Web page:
ECB Executive Board Member Juergen Stark will step down from his post by the end of the year, the European Central Bank said on Friday.
Earlier Reuters, citing two sources, had reported Stark would leave because of a conflict over the central bank’s controversial bond-buying program.
European stocks sunk further into negative territory following the news.
On Europe’s debt crisis, Stark has said indebted countries should not expect any direct help from the ECB and must cut
their deficits fast. Stark has always been considered one of the most “hawkish” ECB members and takes a strict line on inflation.
“So it looks like the last hawk is leaving the sinking ship. The direct impact will be very small and shouldn’t change policy. But the loss of Stark, also the ECB’s chief economist, could lead to policy changes down the line,” ING Economist Carsten Brzeski said.
Greek default chatter may not really amount to much, and shouldn’t shock anybody, really, given that Greek debt has been priced for default for a long time now, but it is adding to the pile of grief weighing on US stocks today.
The Dow is down about 200 points in early trading, and the 10-year Treasury note is yielding 1.95%. The euro is down to $1.372. Oddly, gold prices are flat, for some reason.
Along with Greek default worries, you have Juergen Stark resigning from the ECB board, in what appears to be a dispute over sovereign-debt bond purchases. Not a good development for the euro.
European stock markets are in even worse shape, with the German DAX now down 3.1%, France’s CAC off 3.1%, and Italy’s FTSE down 3.5%.
Greek CDS spreads are another 400 basis points wider — hard to believe, given that they were at an astronomical 3000 basis points yesterday.
More disturbingly, reports Howard Packowitz, German CDS spreads are wider than the UK’s, as investors fret about the impact of a Greek default on the primary funding source for European bailouts.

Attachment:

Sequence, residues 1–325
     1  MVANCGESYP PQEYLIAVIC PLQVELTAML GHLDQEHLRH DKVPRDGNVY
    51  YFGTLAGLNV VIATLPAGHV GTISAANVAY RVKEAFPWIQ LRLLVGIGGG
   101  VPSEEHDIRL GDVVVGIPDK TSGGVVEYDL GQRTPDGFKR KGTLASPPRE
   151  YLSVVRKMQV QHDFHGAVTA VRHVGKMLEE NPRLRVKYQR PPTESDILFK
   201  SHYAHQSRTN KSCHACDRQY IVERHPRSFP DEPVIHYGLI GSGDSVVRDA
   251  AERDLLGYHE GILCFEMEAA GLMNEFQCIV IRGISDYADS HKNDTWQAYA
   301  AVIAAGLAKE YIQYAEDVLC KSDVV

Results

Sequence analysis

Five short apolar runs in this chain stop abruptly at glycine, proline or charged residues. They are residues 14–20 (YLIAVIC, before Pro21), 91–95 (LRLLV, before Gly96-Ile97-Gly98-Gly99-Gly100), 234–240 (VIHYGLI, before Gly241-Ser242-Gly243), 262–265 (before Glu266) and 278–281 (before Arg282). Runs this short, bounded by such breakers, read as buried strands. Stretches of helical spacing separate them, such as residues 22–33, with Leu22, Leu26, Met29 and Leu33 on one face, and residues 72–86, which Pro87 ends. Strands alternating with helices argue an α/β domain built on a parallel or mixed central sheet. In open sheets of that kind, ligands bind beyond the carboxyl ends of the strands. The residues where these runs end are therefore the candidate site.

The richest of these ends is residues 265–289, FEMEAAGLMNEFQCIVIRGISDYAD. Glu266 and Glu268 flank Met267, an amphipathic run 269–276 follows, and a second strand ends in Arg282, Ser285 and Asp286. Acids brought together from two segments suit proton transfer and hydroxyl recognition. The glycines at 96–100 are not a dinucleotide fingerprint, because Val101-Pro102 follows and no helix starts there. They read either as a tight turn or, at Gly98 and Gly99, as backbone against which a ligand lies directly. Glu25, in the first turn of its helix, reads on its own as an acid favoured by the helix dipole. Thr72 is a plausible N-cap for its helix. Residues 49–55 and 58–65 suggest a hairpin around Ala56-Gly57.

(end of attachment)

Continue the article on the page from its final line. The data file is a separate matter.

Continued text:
European banks with Greek debt exposure are selling off, too — they haven’t gotten rid of that stuff yet? Yikes.
Goldman Sachs estimates BNP has 8.1 billion euro in Greek sovereign exposure, Soc Gen has 3.8 billion euro worth, and Credit Agricole has 1.7 billion euro worth, Howard reports.
BNP shares are down 6.5% in Paris, while Soc Gen is down 9.2%.
“Pass this jobs bill,” said President Obama. Then he said it again. Then he said it again. And again. All in all, he asked Congress to “pass this jobs bill,” or some variant thereof, 12 times during Thursday’s jobs speech.
That got to the essential truth behind the speech: all the president can do is ask Congress to pass his bill. The only direct leverage he has is his ability to make the ideas popular and their refusal unpopular. He can’t make them pass the bill. He can’t pass it himself. He can’t use an executive order. He can propose ideas and use the bully pulpit to force them onto the agenda. After that, it’s up to Congress.
The proposal itself is called “The American Jobs Act” and amounts to about $450 billion worth of ideas that have, at other times, commanded a bipartisan consensus.